Welcome to the Dance 

There's an old saying in journalism that writing about music is like dancing about architecture. Using one medium to describe another has always been a challenge to writers, poets, visual artists and, yes, even architects. But the art of architecture affects many of us on a purely subconcious level. Every city is full of buildings--they keep the rain off our heads--but they can also make us feel constricted, open, enlightened, ready to work or ready to sleep. If somebody didn't care about design, and about the roofs over our heads as something that should be beautiful in their own right, we'd live in a cardboard-box world.

There are three parts to our architecture issue. First, we take a look at one of the newest buildings in town, the J. Crist Gallery. Designed by one of Boise's architectural geniuses, the J. Crist Gallery sets itself apart. Rarely is a space designed from the ground up to display art. Most galleries take a hermit crab approach, inhabiting buildings designed for other purposes until they outgrow the space, then trade up for a larger venue. We put architect Cathy Sewell, Boise Weekly's "Home Sweet Home" writer, on the job of looking at the gallery.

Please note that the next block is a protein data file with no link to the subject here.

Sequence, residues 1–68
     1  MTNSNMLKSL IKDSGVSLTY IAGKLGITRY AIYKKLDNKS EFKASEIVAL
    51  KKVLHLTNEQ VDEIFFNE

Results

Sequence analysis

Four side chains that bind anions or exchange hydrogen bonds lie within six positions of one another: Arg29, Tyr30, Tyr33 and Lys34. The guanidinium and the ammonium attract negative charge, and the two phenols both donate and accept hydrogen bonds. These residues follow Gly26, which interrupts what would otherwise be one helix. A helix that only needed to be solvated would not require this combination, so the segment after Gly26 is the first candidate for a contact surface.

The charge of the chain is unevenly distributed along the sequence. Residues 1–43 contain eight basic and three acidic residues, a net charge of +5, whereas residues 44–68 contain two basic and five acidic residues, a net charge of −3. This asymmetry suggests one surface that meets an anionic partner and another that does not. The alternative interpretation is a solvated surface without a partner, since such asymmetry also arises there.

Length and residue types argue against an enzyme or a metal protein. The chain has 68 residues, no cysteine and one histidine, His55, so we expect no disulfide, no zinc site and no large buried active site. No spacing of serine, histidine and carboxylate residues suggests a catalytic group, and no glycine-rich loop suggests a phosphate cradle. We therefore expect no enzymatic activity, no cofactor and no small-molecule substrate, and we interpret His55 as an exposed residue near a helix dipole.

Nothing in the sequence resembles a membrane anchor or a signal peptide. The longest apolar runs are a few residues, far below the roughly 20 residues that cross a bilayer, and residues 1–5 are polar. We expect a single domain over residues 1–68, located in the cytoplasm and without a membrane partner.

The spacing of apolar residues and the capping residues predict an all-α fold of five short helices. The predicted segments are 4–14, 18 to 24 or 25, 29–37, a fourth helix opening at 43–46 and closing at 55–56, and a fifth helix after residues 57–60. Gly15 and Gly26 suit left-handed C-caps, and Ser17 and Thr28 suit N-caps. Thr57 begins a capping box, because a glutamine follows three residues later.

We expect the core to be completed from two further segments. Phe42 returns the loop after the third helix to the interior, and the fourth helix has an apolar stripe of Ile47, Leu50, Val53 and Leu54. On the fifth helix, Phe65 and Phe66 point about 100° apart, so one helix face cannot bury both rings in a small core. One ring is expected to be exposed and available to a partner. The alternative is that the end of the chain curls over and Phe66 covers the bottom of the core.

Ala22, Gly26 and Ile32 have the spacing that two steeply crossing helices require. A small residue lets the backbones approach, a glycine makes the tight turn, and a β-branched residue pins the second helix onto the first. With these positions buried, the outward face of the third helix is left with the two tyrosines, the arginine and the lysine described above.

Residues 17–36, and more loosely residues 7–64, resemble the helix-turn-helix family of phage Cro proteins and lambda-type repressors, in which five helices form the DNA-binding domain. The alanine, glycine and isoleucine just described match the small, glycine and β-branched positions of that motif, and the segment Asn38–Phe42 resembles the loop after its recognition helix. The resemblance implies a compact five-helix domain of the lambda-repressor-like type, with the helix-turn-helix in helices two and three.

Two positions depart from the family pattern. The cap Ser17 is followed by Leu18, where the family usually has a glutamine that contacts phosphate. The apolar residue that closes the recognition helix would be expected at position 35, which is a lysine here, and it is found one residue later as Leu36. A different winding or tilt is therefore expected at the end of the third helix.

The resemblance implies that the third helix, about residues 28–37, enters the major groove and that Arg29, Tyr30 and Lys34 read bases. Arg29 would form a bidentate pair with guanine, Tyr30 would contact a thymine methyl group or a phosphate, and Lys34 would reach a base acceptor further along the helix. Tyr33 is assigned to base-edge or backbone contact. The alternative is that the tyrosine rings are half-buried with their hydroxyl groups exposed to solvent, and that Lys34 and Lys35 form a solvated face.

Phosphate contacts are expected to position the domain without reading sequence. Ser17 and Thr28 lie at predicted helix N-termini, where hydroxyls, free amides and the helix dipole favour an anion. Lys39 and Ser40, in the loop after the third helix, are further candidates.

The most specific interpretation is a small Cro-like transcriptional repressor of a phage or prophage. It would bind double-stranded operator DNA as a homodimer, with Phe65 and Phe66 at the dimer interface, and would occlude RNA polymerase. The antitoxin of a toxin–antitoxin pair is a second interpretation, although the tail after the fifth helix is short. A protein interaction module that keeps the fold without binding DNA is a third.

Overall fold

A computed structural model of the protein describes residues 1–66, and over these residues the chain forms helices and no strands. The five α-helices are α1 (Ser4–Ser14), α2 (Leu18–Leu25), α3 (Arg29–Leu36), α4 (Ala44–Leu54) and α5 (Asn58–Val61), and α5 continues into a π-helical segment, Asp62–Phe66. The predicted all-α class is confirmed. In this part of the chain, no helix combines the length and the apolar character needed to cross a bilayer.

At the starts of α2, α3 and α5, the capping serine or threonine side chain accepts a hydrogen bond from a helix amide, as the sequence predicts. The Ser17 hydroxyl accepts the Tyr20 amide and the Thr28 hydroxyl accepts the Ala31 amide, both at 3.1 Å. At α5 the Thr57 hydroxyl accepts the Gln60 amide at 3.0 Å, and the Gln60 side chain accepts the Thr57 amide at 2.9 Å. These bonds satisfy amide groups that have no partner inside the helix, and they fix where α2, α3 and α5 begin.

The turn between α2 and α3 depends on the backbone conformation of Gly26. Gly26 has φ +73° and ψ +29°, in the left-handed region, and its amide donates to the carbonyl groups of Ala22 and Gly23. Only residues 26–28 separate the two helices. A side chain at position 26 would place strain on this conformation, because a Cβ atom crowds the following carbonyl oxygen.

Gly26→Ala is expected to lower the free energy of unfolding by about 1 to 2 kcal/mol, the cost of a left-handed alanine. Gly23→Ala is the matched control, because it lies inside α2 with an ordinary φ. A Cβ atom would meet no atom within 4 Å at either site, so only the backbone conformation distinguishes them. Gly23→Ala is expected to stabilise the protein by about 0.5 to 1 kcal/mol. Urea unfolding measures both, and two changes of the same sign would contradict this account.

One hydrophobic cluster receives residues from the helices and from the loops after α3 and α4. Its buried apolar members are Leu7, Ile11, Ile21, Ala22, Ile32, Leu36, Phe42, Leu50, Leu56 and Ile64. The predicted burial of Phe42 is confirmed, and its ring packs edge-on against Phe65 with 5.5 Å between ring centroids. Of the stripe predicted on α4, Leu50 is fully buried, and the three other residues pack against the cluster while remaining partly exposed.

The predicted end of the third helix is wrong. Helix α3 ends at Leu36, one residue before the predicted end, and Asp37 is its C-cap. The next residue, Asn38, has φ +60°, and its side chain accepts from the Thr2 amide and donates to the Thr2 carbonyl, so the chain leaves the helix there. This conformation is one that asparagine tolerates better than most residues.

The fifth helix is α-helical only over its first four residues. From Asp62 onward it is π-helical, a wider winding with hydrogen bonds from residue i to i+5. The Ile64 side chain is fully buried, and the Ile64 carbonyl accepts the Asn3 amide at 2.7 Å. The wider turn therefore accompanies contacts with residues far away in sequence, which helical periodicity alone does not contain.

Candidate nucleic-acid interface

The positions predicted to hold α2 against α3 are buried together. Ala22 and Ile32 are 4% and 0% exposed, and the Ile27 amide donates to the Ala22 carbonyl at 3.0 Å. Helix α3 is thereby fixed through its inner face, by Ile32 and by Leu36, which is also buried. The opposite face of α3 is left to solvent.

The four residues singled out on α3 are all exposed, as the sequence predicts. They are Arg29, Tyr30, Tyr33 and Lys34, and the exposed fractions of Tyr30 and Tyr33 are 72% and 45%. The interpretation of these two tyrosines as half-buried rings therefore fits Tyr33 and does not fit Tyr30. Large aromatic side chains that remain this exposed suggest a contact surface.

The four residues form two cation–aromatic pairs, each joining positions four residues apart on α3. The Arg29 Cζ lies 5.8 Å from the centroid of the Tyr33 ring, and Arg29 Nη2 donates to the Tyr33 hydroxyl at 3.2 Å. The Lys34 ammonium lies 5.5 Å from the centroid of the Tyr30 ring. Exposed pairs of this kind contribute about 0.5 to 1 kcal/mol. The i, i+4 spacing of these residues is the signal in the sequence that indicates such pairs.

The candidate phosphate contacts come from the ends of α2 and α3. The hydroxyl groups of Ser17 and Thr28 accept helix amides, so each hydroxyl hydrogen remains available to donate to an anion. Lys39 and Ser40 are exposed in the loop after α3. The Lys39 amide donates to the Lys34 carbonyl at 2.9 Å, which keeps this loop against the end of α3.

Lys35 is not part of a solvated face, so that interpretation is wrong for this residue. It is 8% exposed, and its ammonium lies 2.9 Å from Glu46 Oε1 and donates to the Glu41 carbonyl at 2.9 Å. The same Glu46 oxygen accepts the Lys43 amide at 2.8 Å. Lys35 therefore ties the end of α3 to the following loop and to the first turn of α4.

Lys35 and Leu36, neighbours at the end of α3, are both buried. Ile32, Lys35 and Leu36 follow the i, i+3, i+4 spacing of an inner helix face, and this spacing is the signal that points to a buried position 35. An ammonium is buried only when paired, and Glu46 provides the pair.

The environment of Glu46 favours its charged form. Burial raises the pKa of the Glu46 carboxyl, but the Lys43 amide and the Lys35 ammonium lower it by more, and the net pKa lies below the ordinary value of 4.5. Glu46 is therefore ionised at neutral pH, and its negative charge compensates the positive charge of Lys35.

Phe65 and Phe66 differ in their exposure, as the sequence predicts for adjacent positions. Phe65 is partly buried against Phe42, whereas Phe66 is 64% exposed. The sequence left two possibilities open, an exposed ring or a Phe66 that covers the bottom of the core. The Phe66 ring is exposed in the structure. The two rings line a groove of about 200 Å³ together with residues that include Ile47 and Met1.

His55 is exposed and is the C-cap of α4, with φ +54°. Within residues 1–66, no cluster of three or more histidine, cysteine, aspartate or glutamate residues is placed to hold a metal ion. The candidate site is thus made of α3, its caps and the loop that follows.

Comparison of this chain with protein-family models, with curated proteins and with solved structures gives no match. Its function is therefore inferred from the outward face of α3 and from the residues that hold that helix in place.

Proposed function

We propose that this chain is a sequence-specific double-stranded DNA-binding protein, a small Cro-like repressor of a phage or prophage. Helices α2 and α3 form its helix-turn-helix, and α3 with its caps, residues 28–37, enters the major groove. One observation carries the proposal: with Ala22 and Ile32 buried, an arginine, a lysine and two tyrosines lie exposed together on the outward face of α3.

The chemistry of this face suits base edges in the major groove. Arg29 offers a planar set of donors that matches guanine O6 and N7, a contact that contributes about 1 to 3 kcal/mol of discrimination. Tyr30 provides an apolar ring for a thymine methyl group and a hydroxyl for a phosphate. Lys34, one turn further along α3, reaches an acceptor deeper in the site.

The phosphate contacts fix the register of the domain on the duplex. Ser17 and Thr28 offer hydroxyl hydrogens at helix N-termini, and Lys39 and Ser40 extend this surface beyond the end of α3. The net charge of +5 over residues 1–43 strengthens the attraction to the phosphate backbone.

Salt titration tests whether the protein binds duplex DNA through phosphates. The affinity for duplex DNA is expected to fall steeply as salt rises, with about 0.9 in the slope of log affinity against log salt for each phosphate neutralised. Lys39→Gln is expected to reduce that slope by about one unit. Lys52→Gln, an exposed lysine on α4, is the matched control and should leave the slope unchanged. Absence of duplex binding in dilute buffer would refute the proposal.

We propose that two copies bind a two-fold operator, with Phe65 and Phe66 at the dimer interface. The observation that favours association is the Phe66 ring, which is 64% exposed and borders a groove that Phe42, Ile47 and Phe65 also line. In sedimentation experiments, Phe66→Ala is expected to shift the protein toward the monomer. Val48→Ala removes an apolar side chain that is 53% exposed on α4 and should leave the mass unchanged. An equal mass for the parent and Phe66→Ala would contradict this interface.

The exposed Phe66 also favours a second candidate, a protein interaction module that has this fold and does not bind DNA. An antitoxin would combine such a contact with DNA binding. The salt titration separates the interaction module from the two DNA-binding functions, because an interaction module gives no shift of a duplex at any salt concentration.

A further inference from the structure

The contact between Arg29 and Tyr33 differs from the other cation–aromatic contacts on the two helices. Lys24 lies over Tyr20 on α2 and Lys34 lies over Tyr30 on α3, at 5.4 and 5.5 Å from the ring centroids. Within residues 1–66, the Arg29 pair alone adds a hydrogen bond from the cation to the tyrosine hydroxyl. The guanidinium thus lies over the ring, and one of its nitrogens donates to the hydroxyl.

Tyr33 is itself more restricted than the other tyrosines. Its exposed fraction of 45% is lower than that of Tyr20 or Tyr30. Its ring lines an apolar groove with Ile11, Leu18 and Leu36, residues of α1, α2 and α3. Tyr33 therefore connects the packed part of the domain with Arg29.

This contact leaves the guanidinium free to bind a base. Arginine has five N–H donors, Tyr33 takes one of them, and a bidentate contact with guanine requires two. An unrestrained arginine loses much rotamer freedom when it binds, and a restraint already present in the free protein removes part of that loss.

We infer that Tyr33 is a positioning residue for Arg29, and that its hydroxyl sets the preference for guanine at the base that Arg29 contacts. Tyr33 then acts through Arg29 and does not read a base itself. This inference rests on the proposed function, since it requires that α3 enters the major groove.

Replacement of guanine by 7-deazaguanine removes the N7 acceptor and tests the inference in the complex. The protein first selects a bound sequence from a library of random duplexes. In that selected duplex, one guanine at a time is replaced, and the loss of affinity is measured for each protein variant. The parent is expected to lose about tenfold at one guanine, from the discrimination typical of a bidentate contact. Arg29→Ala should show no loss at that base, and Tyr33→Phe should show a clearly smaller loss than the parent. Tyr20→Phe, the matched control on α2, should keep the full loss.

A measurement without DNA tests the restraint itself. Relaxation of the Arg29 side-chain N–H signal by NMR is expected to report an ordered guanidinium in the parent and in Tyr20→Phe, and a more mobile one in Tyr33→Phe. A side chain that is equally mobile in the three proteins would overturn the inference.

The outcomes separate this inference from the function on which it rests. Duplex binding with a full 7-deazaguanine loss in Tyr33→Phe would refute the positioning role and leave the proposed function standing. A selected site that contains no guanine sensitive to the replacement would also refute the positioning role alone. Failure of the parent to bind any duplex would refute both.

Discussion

Second, we asked what the architects think: What are the best and worst designed buildings in Boise? Architects are not known for being publicly critical, so it was hard to get them to dish the dirt on fellow firms, but it was equally tough to get them to stop talking about their own buildings. But we managed to sift through their comments and came up with a constructive, cohesive arrangement of good and bad. We think you'll agree.

Finally, we tell the story of BW's new home. We recently gutted the place and had architect Cathy Sewell (we just mentioned her) redesign it to accommodate a small independent newspaper in need of a larger space.

If there's one thing we want you to come away with from this trio of stories, it's to think about where you live, the spaces you inhabit and how we can all make it better. Oh, and do something about that huge hole in the middle of downtown.

­--Bingo Barnes

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